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The situation in Wanaka, where there has been a shortage of midwives and lack of maternity services for years, has reached crisis point, Deb Harvey, of Wanaka Midwives, says.
Her counterpart, Morgan Weathington, will step down in early April because she can no longer afford to do the job, leaving Ms Harvey the lone full-time midwife in Wanaka.
Ms Weathington said it had got to the point ``where you can't actually pay the bills by doing the job''.
There is no funding provided by the Southern District Health Board.
The women provide the town's only obstetric service on their Ministry of Health salaries, which do not cover all their costs, which they must meet out of their own pockets.
They expect to care for 200 women this year, compared with 180 last year.
Other women in the district are cared for throughout their pregnancies mainly by midwives based in Alexandra.
``We are the emergency obstetric service in Wanaka so we are asked to provide care to stabilise and transfer women. That's unrecognised by the health board monetarily so we provide that service on our primary maternity salary. It makes it costly both time-wise and financially to provide the job up here,'' Ms Weathington said.
Since 2015, the pair had been asking the health board to assist in some way, but so far have had no luck.
``We would like to be recompensed at least for our time, our consumables and our space. Personally we rent the space between the two of us,'' Ms Harvey said.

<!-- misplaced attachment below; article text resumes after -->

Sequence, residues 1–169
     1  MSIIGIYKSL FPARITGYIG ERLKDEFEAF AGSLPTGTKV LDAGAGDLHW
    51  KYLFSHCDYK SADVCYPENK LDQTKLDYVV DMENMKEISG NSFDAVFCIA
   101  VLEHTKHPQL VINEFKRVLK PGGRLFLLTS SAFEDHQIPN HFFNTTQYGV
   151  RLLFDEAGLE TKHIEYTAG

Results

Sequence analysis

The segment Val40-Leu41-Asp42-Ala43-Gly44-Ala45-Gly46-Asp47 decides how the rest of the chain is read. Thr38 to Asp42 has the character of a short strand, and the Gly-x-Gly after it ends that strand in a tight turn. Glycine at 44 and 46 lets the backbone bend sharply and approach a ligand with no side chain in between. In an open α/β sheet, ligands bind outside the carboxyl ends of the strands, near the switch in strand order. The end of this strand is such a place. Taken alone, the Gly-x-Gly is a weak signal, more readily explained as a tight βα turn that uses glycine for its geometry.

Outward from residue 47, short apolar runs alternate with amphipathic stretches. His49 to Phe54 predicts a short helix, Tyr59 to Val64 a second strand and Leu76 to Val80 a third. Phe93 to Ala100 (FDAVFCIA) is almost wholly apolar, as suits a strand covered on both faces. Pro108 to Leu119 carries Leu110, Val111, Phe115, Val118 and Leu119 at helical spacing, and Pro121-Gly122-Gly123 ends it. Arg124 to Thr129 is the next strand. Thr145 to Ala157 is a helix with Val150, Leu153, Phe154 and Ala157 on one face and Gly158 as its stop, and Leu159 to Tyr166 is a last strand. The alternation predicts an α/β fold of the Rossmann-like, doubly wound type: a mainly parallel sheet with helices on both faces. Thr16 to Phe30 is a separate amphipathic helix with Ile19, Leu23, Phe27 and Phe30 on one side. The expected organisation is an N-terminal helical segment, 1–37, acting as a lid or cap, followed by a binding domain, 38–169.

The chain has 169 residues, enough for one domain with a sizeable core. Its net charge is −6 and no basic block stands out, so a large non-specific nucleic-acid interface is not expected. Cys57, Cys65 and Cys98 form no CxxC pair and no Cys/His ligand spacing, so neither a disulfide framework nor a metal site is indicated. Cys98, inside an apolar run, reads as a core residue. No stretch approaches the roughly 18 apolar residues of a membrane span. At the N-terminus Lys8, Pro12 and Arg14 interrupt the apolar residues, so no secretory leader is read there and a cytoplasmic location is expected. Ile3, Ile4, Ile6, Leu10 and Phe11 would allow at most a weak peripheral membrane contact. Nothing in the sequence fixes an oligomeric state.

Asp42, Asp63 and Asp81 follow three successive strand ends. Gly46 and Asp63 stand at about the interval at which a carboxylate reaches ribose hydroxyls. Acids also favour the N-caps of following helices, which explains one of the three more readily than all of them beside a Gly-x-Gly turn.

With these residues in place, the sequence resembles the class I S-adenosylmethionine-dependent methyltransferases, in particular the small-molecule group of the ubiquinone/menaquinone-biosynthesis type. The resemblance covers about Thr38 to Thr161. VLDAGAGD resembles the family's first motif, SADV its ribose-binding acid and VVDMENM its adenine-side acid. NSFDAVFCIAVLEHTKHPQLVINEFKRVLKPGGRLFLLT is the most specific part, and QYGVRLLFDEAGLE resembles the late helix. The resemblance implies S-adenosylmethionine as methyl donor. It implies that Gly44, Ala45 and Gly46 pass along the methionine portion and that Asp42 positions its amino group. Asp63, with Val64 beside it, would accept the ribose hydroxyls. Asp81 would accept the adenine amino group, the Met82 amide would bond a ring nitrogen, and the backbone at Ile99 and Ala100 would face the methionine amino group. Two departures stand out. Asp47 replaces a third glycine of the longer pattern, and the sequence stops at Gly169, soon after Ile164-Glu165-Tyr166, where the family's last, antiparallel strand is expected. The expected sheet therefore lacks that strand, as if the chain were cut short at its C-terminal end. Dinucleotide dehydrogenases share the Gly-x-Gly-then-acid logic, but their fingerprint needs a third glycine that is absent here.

Ms Weathington said she was moving on because the job was unsustainable.
``What's happening now is the midwives are being exploited by the Government. We have the skill and the caring nature so we do the job, but what's happening is we're now being paid, after expenses, $5 to $10 an hour and we're working 100-plus-hour weeks.''
Ms Harvey said those were the main reasons for the lack of midwives.
``We have about eight registered midwives [living] in Wanaka, but so few want to actually do this job.''
She believed she would be unable to do the job for long on her own, meaning the situation could end up being similar to Te Anau last year, where the last midwife, Jo Lundman, quit after struggling to make ends meet.
``We don't want it to look like that but I think by the end of the year, that's what it's going to look like,'' Ms Harvey said.
Ms Weathington described the situation as ``terrifying for families up here''.
Former midwife Pauline Hunter worked in Wanaka for nearly 14 years before retiring last Christmas and said at times she also worked for about $5 an hour.
She said Wanaka had a midwife crisis when she first moved to the area in 2004, when the town had just one midwife for the growing population.
Despite the situation occurring again, she did not think the SDHB would provide any funding in the near future.
``The DHB aren't going to come up with anything they're in such dire straits. It's up to the Ministry [of Health]. There should be an emergency fund. If there was a GP shortage the ministry would step in and provide funding.
``There's only so much you can do. In this job you can't afford to be too tired; you don't want to make mistakes,'' Ms Hunter said.
Health board executive director strategy Lisa Gestro said it was aware of the situation and was ``working to ensure that there is midwifery coverage across the district''.
``We are working with the Ministry of Health, the College of Midwives and other partners to develop a solution ensuring appropriate midwifery cover. If required, Southern DHB will help provide midwifery services.''
The health board's primary maternity project was being finalised and would be released in coming weeks.
``It provides a road map for the future configuration of maternity services in the district, taking into consideration women's preferences, population and demographic shifts.''